Decker was named the #82 prospect prior to this season by Baseball America, but unless you follow baseball very closely you've probably never heard his name. He was a first round pick in 2008, and for the past three seasons all he's done on San Diego's farm is rake. In 2009 he hit .299 with 25 doubles, 16 home runs, and 10 steals. In 2010 he had a little bit of a sophomore slump with a .262 average but still reached 17 homers and 5 steals. Those may not be the most impressive minor league seasons ever compiled, but so far in 98 at-bats at the AA level, Decker has mashed 9 home runs, 32 RBI, stolen 3 bags, and hit .276/.418/.663. For the ~99% or so of you who can't calculate OPS off the top of your head, that's good for a 1.081 mark. San Diego has the second worst OPS in the league, sitting at a .625 mark. Decker won't see big league action for a year or two, but he'll be an instant upgrade when he gets there so you have to keep an eye on him. Given how bad Ryan Ludwick and Will Venable have been this year, they may even try and rush Decker up this season.
SP Cory Luebke, San Diego Padres
Staying in San Diego, they've got another beast who should be a big-time contributor in the very near future. Luebke has been pitching relief this year for the Pads, but in the grand scheme of things he's a starting pitcher and both the Padres and Luebke know it. They're just waiting for a spot to open up in the rotation for him. In the Minors, Luebke compiled a 32-17 record with a 3.49 ERA and 7.5 K/9, so he's got really good stuff. If you remove one brain fart he had against the Reds (1 IP, 6 earned runs), he's been really good. Luebke hasn't even given up a run since that incident, giving him a 1-1 record, 4.24 ERA, and 9.5 K/9 on the season. Stay tuned, next time you hear his name from a major sports news outlet, he won't be working out of the bullpen. He should team up with Mat Latos to make a formidable 1-2 punch atop the Padres starting rotation.
C Jonathan Lucroy, Milwaukee Brewers
Lucroy, a third round pick in 2007, has all the offensive tools to become a very dependable big league catcher. By the time he was done in the minors, he finished with a .298/.379/.459 line with 35 homers and 202 RBI. He struggled a bit to adjust to big league pitching last year (.253/.300/.329, 44 K in 75 games), but Lucroy has taken a big step forward in 2011. In 60 plate appearances, the 25 year old has managed a .321/.383/.415, 1 home run, 6 RBI line. For a young catcher in his second season, he's hitting very well and can only keep getting better. He's also going to have a very nice supporting cast with Ryan Braun, Rickie Weeks, Prince Fielder, and Casey McGehee, so at the thin catcher position Lucroy should be a very good source of run production. He's owned in 3.9% of leagues, so you'll probably be able to snatch him up and not look back.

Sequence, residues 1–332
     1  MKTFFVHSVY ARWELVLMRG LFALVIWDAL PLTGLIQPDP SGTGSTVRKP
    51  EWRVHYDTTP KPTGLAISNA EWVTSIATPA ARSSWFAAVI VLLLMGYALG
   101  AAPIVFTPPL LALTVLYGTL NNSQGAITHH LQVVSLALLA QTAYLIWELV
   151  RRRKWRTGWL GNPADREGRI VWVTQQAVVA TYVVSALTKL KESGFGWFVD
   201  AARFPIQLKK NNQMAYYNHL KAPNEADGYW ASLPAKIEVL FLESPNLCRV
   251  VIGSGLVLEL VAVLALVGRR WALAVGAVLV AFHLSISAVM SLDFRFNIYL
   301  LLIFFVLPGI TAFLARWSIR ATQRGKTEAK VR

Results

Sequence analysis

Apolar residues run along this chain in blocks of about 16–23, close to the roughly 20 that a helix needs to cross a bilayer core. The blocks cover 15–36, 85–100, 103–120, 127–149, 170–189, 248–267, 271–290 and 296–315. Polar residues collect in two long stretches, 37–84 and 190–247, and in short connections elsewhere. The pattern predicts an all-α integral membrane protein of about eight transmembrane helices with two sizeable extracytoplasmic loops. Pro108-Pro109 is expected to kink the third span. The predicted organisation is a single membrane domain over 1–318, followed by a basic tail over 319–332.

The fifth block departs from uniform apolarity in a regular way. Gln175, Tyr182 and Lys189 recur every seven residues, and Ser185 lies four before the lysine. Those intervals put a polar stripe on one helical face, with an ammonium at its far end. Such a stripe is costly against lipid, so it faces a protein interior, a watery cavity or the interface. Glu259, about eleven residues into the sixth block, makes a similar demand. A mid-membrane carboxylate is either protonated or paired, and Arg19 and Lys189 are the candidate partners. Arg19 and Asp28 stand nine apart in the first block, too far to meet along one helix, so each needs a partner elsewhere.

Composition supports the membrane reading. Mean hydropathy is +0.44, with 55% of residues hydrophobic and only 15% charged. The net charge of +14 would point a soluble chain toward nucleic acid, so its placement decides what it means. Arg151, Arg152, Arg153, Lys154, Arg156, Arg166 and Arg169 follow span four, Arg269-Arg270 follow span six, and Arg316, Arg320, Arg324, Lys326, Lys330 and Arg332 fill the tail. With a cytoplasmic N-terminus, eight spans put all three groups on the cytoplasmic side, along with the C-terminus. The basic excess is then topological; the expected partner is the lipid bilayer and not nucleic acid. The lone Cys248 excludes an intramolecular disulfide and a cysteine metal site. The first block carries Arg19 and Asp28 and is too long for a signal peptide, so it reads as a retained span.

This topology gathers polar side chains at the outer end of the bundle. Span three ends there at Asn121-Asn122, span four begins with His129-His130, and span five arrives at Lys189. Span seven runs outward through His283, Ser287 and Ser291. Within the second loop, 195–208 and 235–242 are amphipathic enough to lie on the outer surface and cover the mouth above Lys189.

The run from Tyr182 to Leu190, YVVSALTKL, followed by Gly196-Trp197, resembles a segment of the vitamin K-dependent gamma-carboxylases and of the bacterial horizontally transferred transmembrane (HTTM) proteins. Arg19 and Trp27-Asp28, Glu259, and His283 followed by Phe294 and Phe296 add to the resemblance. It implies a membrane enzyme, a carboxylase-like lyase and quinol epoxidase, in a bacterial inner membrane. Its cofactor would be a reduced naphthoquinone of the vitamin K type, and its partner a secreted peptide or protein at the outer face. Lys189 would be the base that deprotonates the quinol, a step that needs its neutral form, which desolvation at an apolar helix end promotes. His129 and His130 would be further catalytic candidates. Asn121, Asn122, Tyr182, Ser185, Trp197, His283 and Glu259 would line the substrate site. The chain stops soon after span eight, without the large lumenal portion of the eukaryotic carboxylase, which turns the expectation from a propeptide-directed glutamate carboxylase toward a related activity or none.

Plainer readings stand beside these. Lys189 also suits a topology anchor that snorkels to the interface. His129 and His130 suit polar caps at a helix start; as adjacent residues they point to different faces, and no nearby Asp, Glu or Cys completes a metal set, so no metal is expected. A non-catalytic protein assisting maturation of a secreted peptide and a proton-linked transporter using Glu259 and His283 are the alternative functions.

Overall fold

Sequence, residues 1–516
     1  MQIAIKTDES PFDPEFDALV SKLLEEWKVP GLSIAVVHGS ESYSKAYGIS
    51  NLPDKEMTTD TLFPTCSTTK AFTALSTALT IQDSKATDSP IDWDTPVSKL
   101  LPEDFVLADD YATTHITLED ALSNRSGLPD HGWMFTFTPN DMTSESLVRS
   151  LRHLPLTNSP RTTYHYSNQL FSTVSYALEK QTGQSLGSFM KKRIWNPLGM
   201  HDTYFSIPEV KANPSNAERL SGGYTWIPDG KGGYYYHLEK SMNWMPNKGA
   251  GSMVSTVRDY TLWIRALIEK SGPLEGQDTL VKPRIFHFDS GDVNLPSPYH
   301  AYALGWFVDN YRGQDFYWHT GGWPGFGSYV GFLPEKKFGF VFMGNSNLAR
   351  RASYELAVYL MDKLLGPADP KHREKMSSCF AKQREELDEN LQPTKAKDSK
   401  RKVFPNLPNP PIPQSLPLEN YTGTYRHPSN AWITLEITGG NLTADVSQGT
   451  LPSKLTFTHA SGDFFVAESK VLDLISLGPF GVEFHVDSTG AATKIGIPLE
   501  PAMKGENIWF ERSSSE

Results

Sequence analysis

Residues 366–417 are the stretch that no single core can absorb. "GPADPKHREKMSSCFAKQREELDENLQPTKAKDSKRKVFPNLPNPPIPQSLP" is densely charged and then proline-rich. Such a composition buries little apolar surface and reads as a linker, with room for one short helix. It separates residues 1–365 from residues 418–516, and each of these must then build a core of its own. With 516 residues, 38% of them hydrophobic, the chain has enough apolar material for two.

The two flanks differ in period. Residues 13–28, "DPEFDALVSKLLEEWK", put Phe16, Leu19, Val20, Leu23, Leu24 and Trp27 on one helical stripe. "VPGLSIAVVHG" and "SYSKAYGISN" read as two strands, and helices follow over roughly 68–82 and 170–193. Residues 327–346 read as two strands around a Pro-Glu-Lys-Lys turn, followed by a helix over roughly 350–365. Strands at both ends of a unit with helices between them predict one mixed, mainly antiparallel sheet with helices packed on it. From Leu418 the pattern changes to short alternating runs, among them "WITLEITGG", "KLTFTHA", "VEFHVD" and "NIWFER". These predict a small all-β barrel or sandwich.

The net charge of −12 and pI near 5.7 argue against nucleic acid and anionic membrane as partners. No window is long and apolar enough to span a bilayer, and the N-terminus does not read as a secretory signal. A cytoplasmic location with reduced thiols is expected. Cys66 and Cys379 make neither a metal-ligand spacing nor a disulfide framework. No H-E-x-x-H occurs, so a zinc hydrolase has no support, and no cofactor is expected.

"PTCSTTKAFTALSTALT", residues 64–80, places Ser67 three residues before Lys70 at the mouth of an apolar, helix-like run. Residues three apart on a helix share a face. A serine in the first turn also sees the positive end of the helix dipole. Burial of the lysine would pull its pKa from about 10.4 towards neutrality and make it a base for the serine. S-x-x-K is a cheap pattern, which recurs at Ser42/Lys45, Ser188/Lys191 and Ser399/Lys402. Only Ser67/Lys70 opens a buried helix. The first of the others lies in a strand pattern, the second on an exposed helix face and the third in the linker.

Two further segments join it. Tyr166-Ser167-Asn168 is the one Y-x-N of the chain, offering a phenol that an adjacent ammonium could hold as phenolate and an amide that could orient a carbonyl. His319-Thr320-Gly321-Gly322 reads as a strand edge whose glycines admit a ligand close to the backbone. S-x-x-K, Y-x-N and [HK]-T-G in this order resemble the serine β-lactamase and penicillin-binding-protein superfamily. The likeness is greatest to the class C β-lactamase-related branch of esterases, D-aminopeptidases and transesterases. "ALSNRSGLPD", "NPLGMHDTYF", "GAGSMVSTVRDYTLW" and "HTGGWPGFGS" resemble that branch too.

SP Drew Pomeranz, Cleveland Indians
Pomeranz was a first round draft choice last summer by the Indians, so you have probably heard his name at least once. Most pitchers take a few or even several years to develop into useful contributors to a functional major league roster, but like Stephen Strasburg, Pomeranz may be pitching himself on a fast track to the big leagues. I'm not a major league scout and I've never even seen Pomeranz play, so I won't make an actual comparison between these two, but the stats Pomeranz has posted so far are eye popping, and should he keep it up he is definitely going to zoom up the minor league ladder. In 23 innings at High A, Pomeranz is rocking a 1.54 ERA, 34 strikeouts (that's a 13.1 K/9), 7 walks (4.86 K/BB), and 0.85 WHIP. Don't be shocked to see Pomeranz in AA or AAA by the end of this year and possibly even Cleveland by late 2012 or for the start of the 2013 season. And if you've got keepers? Get him now, his ownership is essentially 0%, and if you've got keeper spots to spare it won't hurt you to stash him on your bench until he's ready. This investment should pay dividends.